Your data on MRCVSonline
The nature of the services provided by Vision Media means that we might obtain certain information about you.
Please read our Data Protection and Privacy Policy for details.

In addition, (with your consent) some parts of our website may store a 'cookie' in your browser for the purposes of
functionality or performance monitoring.
Click here to manage your settings.
If you would like to forward this story on to a friend, simply fill in the form below and click send.

Your friend's email:
Your email:
Your name:
Send Cancel

Discussing the future of veterinary nursing
Imagining change: could the use of different imagery on websites and TV raise public awareness of the VN role?
Delegates review the outcomes of the VN Futures Interim report at BVNA Congress.

The VN Futures Board hosted a Fringe Event on Saturday (2 October) at the BVNA Congress in Telford to showcase the achievements of the project so far and to explore how far the VN Profession has already come.

VN Futures is a joint RCVS and BVNA project resulting from the Veterinary Futures Initiative. The project aims to encourage more people to join the profession, enhance the role of the veterinary nurse and offer more opportunities for career progression. 

It comes after the RCVS announced the publication of the VN Futures Interim Report 2021, which provides an overview of the project's achievements over the past five years and a summary of its initiatives.

Attended by delegates both in-person and online (via live stream), the Fringe Event took the form of a general discussion, with delegates given the chance to talk in small groups about the outcomes of the report and how their career has progressed since they graduated. 

On hand to talk to delegates were Jill Macdonald (VN Futures project manager), Alex Taylor (incoming BVNA president), Charlotte Pace (incoming BVNA junior vice president), Belinda Andrews-Jones (VN Council member), and Matthew Rendle (chair of VN Council). 

The range of topics and questions discussed included -

  • How can veterinary nurses encourage vets to delegate more?
  • What part of your training prepared you best for the role?
  • How can veterinary nurses raise public awareness of the VN role?
  • What environmental policies has your practice implemented, and what else can you do?
On raising awareness of the role of the VN, Matthew stressed that wearing a name badge and introducing yourself to clients as a veterinary nurse is key. Some delegates highlighted the importance of charging for a veterinary nurse's time (i.e. not running free nurse clinics) and marking this on the invoice as 'professional nurse time' to show that an RVN has provided treatment to a pet.

Some delegates felt that the image of the veterinary profession has been somewhat tarnished by reports in mainstream media, with one nurse stating 'the image of the profession is not in a good place publicly, let alone in the nursing profession.'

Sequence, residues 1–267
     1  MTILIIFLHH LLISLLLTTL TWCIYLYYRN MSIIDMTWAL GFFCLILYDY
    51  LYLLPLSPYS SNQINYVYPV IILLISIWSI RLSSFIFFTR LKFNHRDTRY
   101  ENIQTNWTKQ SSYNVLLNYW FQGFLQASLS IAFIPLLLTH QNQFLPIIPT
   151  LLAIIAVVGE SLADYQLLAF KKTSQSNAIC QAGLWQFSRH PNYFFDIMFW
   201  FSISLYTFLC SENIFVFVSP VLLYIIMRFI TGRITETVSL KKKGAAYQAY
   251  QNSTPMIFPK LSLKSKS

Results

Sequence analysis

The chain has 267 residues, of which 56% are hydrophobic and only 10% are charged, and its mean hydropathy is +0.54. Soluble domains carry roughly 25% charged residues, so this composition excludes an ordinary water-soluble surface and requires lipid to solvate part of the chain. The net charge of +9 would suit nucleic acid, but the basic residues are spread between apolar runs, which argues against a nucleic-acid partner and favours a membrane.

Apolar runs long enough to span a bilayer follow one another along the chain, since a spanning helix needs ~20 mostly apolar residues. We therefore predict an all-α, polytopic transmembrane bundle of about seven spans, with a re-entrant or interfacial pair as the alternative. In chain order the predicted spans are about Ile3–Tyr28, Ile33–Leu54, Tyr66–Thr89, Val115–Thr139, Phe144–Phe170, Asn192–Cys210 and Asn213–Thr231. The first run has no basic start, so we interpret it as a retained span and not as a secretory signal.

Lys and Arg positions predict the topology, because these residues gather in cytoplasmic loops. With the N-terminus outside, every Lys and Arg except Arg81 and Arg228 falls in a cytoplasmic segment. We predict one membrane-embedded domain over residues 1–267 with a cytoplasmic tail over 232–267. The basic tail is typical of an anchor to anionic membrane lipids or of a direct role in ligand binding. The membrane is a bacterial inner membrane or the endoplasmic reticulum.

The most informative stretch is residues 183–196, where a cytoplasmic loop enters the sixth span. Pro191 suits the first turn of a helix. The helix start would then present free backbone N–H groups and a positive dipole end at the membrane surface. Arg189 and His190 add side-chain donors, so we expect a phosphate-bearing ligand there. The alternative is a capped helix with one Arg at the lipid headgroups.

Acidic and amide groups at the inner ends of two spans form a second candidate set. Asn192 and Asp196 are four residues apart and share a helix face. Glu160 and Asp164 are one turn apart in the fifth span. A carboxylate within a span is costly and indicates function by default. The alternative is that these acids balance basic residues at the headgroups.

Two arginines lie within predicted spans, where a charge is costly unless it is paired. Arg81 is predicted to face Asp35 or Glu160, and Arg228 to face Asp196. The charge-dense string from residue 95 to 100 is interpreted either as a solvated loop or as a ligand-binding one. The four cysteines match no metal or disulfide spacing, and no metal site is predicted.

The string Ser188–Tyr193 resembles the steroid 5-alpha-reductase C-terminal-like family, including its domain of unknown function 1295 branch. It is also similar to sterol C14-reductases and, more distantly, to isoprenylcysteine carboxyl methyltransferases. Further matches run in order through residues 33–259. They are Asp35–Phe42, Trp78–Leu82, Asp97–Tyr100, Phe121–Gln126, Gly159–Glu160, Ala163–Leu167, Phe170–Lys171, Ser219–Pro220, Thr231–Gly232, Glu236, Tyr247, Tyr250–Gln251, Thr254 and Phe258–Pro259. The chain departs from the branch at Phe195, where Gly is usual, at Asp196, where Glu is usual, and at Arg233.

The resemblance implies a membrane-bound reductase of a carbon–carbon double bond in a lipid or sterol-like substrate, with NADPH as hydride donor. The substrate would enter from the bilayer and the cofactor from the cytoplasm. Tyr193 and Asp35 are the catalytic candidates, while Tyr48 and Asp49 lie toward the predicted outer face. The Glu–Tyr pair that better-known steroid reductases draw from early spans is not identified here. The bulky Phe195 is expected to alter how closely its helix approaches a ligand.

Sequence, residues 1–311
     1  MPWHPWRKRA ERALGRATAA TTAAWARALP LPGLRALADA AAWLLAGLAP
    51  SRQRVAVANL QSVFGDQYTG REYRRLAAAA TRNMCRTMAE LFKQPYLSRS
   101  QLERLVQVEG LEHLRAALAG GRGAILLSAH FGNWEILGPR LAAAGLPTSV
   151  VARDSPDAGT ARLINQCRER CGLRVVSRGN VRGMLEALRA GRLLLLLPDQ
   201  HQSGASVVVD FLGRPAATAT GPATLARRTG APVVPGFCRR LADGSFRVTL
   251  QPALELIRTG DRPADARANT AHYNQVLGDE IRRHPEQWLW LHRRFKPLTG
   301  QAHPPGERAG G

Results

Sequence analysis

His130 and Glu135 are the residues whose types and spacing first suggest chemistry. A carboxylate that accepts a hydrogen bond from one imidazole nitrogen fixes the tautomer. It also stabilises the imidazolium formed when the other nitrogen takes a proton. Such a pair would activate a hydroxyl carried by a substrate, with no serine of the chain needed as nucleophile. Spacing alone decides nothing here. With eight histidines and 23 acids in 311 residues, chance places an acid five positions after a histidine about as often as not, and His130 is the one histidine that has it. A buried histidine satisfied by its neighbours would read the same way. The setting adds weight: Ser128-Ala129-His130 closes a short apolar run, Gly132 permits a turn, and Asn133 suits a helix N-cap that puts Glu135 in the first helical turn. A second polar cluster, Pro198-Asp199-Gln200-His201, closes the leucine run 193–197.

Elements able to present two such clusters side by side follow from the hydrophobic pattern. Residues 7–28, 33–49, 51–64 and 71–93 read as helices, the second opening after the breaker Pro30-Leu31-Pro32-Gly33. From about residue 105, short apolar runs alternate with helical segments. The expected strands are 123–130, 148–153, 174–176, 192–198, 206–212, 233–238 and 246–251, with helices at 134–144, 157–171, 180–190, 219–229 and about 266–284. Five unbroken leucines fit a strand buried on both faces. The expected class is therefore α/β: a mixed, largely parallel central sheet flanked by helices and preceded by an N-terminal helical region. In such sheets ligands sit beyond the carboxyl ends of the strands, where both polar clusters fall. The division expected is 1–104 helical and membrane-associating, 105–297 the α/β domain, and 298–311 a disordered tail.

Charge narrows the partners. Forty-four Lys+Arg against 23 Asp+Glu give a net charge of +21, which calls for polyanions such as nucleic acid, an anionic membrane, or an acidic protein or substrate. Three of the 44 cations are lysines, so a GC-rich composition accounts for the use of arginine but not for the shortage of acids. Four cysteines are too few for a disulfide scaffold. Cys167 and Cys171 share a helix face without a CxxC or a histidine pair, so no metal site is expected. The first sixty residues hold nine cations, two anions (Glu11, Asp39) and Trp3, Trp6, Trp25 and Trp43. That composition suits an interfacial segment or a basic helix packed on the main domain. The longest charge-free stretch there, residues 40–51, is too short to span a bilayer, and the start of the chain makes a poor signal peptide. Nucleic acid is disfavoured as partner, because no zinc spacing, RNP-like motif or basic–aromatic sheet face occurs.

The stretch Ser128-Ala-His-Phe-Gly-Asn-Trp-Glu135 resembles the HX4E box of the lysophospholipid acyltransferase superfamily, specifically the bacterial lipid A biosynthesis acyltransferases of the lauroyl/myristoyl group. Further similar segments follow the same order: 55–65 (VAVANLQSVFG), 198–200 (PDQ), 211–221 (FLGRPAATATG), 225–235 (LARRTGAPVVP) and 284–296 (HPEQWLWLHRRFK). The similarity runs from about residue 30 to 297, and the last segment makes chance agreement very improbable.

How RVNs are depicted on practice websites and television can also be part of the problem, said another delegate. With the public only seeing images of vet nurses holding cute, fluffy animals and not monitoring anaesthetic or getting a blood sample, for example.

On environmental policies, one group of delegates said their practice had introduced recycling bins and signs to show what items can and cannot be recycled. Creating wildlife-friendly areas outside the practice, switching lights off when leaving rooms and having a dedicated PPE waste bin (so that PPE gets incinerated rather than ending up in landfill) were also mentioned.

Other points raised concerned the availability of eductaional handouts and ensuring that information is made available to clients online rather than in the traditional pamphlet form. One delegate raised the idea of putting a small team in charge of environmental policies at your practice, while another suggested schemes such as Terracycle to recycle PPE.

The session is the first of two VN Futures Fringe events happening at the BVNA Congress this weekend. On Sunday (3 October), delegates will convene again to discuss future projects for veterinary nursing and where efforts should be focussed. 

Become a member or log in to add this story to your CPD history

RCVS Fellowship applications open

News Story 1
 Applications have now opened for RCVS Fellowship 2022. The RCVS is encouraging anyone who would like to be considered for Fellowship to apply, and if successful, they will be welcomed into the Fellowship next year.

The process for joining the fellowship has changed slightly for this year, as applicants will now need two signed referee forms instead of three professional references, and five assessors will review each application instead of three.

The deadline for applications is 14 February 2022, and more information on how to apply can be found here. If applicants have any questions, or would like informal advice from previous successful applicants, they are encouraged to contact Ceri Via Email 

Click here for more...
News Shorts
Horiba announces veterinary haematology webinar

Horiba Medical has announced a free webinar providing practical insight on best practice in veterinary haematology. Entitled 'In practice haematology - Beyond the pale!' the webinar will be presented by Ronnie Barron from the University of Glasgow Veterinary School.

Ronnie's presentation, which will conclude with a Q&A session, will look at QC and artefacts of sample quality and review the effects of different pathologies. Using images, photomicrographs and video links, he will also explain the techniques and equipment needed to complement analytical automation to confirm results quality.

The webinar takes place on Thursday, October 28 (7.30-9pm). For more details and to register, click here.